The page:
Wednesday, May 30, 2012

2012 Legislator Ratings

The Salt Lake Tribute has created a composite ratings chart based on numbers issued from various special interest groups who track legislator's voting records.  This composite is designed to  attempt to illustrate the conservative vs. liberal spectrum that is represented in the Legislature via the voting record.

Here is the chart (click to enlarge):

There are a couple interesting take-away points from viewing this chart:

1.  The majority of the freshman class of 2010 (which includes myself) land between the 64%-80% conservative rating.

2.  10 of the 15 most conservative legislators are from Utah County. 

These kinds of charts make for interesting conversation but I don't give much heed to them.  However, I did hear of a legislator who supposedly voted intentionally to boost scorecard results.  If true, I find that to be a particularly jaded and self-serving approach to voting.  Yet, ironically, this  individual will not will be serving in 2013.  So, perhaps it is not so self-serving after all.

Saturday, May 26, 2012

VIDEO: Utah Highway Patrol DUI Blitz - Memorial Day 2012

The Utah Highway Patrol invited me to ride along with them on their Memorial Day Weekend DUI Blitz this year.  I accepted their offer.

I found the experience very enlightening.  I have to pay tribute to these men and women who execute the laws that we write and deal with many uncomfortable, unpleasant, and often dangerous situations.  It helped remind me of  the importance of writing meaningful and equitable laws.  The whims of the Legislature can have significant consequences for those who enforce our laws and those they are being enforced upon.

I created a video of my experience:


My ride began in the K-9 unit and after our first DUI bust, I was transferred to another vehicle to continue our evening's pursuit.  Thank you to the officers that put up with my longwindedness and persistent questions.  It was a fascinating experience and a great diversion that educated me at the same time.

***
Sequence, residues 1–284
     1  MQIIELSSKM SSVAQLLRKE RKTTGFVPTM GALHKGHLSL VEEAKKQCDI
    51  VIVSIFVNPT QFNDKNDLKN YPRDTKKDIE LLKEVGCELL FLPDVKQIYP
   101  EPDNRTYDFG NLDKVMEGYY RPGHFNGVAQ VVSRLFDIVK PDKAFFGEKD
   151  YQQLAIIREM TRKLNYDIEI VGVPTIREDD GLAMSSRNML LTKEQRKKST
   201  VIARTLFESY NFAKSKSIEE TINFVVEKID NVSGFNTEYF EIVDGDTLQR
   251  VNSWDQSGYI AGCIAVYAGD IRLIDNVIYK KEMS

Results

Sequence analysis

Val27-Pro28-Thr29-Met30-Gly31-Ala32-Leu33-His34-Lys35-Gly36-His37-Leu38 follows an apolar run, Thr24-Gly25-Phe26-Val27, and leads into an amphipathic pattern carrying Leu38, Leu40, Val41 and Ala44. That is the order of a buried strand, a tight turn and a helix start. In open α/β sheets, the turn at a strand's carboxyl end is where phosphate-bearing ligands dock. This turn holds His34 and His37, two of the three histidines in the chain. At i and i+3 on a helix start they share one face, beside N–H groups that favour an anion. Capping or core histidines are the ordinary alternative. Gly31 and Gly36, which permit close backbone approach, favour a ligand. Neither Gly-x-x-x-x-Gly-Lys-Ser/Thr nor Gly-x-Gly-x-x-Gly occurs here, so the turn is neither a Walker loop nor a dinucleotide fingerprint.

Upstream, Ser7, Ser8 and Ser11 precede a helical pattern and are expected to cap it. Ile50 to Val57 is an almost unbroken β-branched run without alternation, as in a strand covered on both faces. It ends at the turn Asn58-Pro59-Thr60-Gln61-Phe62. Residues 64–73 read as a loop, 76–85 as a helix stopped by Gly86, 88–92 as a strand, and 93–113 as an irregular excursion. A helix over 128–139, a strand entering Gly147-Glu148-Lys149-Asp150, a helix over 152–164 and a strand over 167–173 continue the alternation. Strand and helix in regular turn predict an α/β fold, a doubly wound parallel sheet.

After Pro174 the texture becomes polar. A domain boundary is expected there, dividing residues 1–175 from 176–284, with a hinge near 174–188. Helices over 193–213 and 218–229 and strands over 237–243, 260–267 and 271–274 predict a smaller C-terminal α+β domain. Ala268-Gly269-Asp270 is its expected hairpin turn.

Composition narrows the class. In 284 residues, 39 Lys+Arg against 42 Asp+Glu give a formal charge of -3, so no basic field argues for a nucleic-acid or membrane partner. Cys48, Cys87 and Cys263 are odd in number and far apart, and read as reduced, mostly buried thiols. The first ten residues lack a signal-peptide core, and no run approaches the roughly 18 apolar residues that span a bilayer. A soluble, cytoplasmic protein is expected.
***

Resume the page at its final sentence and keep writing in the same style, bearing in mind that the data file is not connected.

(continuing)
Friday, May 25, 2012

INEQUITY: Politics and Felony Population Distribution

During a March committee hearing about a bill that addressed Good Landlord Programs in the State, a comment was made by a member of the Ogden City administration about the need for the program.  It was declared that the program was specifically created to help mitigate the large felony population that the State dumps in Ogden via State run halfway houses.  The claim was made that over half of the State run halfway houses are in Ogden.

I was shocked by this claim.  When our Session ended, I came home and started to do some research to check the veracity of the comment.  What I found surprised me.

As it turns out, the State of Utah isn't doing Weber County any favors when it comes to equally distributing inmates in halfway houses.  Here are some charts to illustrate:

As you can see, Weber County comprises just 8.24% of the State's population.  Salt Lake County accounts for 36.7%.

So how is the halfway house inmate population distributed?  Queue the chart please...

As you can see, Weber County has 46% of all the halfway house beds in the state.  What an onerous distinction!

Amazingly, all of this burden is concentrated in one robust facility located on Watertower Way near I-15 and 24th Street.

Built in 1996, this facility has many resources under one roof to serve a host of inmate rehabilitation needs.  On the surface, the State and the taxpayer seem to be getting some economies of scale with this facility. Yet, lurking in the shadows are some significant and unintended consequences from creating such a large facility.

Among those are a decrease in inmate rehabilitation.  Indeed, success rates at the Weber County NUCCC facility are just 48%. I toured the facility with staff and interviewed them on their perceptions of the system. They agreed that smaller facilities are more successful in rehabilitation than larger ones because smaller facilities create a tighter family atmosphere where inmates become invested in each other's success.  Large facilities create anonymity and a warehouse atmosphere.  Thus, success is impeded.  That lack of success has a dollar tag attached to it in the form of prolonged incarcerations, property loss and damage from reoffending, and increased law enforcement costs to capture and prosecute reoffenders.